One night my usual girlfriend and I met a few new guys out in the alleyway next to the biker bar. It turned out they just got off a boat from Puerto Rico. They didn’t speak much English and they sold their substances, including crack cocaine in Holyoke and Springfield, before it ever got up to Vermont. As usual, we were clueless at the time to realize they were part of a group that called themselves Los Solidos. Holyoke, Chicopee, and Springfield were our new stomping grounds. A whole different planet.
Every morning I woke up with dread that I was still alive. I would jump to the window to see if my car was there, and if it was, what condition was it in – I was the one initiating behaviors that led to trauma, then drank and used to forget the trauma, which only created more situations to be traumatized.
Instead of the fun and foolish college world of following the Grateful Dead with my peers, or hanging out with the Vietnam Veteran era bikers who were part of the time pretty mellow, my life changed into the dark, rusted-out, hollow world of evil addicts living as animals in survival mode of conning, stealing, lying, hurting, and using. Use or be used.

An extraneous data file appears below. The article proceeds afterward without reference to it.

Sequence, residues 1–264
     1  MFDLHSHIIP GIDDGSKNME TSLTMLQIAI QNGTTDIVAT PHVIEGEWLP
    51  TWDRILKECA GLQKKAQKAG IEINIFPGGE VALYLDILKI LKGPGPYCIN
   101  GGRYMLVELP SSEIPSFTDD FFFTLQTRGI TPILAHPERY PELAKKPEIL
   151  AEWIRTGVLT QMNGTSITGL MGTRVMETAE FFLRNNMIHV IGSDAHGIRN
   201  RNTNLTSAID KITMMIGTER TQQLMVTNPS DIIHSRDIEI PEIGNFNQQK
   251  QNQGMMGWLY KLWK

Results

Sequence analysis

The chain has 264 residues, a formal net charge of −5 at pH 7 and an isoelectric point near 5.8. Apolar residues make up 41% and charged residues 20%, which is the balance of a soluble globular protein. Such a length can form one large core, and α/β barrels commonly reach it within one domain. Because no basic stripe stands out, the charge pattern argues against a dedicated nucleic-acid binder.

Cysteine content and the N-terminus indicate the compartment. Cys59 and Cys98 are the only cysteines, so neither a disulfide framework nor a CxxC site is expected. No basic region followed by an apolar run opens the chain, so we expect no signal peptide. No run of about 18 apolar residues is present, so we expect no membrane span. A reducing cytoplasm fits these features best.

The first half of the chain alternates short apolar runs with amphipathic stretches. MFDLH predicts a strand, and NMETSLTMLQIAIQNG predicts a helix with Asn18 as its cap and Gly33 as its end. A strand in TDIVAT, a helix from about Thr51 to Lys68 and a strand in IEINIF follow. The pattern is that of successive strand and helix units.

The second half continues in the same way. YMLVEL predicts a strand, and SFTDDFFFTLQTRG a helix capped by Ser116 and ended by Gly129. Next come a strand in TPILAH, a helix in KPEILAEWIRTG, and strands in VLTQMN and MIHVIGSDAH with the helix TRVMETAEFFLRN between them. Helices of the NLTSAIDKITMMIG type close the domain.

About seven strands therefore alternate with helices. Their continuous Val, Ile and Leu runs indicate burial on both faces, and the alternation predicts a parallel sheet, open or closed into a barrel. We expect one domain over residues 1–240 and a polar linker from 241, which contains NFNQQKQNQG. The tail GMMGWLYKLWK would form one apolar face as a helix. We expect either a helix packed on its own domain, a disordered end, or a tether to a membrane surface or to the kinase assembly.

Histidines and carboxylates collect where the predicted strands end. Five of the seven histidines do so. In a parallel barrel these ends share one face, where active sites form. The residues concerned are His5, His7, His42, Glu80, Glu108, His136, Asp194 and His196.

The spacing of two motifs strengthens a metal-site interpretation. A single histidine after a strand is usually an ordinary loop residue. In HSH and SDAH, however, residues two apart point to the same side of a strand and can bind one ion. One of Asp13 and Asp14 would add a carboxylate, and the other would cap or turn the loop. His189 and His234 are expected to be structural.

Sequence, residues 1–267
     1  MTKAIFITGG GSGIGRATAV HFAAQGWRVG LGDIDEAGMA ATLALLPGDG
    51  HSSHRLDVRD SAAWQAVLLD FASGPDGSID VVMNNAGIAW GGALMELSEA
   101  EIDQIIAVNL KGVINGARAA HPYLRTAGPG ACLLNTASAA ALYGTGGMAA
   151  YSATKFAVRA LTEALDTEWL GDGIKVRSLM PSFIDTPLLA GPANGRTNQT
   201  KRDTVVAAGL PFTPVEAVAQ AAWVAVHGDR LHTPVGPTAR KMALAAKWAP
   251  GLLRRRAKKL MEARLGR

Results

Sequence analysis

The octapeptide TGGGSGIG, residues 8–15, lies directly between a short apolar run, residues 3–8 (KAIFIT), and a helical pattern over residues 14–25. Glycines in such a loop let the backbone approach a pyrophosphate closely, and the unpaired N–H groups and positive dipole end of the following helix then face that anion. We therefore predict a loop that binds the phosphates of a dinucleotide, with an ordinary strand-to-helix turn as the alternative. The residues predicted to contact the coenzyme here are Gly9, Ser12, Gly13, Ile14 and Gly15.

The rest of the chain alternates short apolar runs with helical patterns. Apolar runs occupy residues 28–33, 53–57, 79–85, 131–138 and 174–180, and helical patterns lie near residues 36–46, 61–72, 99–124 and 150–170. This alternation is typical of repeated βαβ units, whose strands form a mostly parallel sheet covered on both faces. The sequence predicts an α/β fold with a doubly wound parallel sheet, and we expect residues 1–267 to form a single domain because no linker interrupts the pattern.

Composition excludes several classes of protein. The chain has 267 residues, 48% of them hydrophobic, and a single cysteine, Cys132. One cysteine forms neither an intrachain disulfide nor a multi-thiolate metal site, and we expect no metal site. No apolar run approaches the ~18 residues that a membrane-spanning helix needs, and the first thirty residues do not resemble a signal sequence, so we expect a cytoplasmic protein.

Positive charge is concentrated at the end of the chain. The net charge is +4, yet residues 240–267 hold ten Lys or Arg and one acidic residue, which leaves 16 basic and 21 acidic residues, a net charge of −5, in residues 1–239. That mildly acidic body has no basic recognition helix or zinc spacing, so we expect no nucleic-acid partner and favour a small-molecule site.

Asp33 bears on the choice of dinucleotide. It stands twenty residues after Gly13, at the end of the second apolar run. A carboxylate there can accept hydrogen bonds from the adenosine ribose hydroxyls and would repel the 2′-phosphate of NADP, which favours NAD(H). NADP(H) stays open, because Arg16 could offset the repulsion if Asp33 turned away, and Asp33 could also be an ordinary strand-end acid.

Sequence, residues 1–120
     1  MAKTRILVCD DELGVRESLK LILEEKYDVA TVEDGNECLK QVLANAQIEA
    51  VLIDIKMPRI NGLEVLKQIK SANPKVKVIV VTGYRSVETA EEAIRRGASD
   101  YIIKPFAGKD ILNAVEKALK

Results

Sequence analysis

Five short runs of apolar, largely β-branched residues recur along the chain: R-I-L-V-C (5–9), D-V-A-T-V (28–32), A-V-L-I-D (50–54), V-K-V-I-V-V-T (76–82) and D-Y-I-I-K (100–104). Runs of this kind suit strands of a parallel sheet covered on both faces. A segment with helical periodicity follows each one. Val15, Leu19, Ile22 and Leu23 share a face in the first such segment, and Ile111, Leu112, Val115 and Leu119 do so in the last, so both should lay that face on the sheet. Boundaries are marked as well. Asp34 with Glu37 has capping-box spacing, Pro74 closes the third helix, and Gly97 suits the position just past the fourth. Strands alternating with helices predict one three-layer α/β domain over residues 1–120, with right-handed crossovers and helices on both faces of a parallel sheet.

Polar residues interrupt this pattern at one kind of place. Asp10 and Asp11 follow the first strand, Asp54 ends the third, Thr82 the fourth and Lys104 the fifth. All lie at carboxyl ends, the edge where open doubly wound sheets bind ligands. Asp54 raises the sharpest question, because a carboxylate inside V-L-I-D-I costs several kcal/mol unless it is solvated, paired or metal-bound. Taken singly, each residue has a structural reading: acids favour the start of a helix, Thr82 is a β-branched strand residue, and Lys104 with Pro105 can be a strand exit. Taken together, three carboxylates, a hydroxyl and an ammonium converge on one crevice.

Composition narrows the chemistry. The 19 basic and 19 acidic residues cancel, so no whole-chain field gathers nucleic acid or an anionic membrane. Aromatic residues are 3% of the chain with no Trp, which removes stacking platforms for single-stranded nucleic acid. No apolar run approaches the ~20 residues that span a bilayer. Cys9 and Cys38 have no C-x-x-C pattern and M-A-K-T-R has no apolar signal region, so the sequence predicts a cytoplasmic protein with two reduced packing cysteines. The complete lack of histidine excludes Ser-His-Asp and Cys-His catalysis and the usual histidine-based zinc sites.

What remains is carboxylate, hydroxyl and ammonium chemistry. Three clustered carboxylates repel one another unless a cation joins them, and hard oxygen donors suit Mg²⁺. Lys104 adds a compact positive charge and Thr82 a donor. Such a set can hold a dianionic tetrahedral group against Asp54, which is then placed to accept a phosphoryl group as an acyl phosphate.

I lived like that for about 8 months, dropped out the Spring semester of my Senior year, went home and quit everything on my own but continued to drink.
After a DWI several months later, I decided to go to rehab – mostly for a time out, to collect my thoughts, call some people, and figure out a new plan of action. None of it involved quitting for good. God had another plan. I was 22 years old and the last time I drank alcohol or used is September 10, 1994.
After spending a year just focusing on getting my mind and body back together, I joined AmeriCorps for two years in a row, used the educational grant from each year to finish my Bachelor of Arts in Advertising and Public Relations.
I worked in the Rutland area for about 5 years in various adolescent group home settings with both males and females, including the ever so popular and newly-opened girls group home on Stratton Road. I then turned my attention towards in-patient adolescent substance abuse treatment.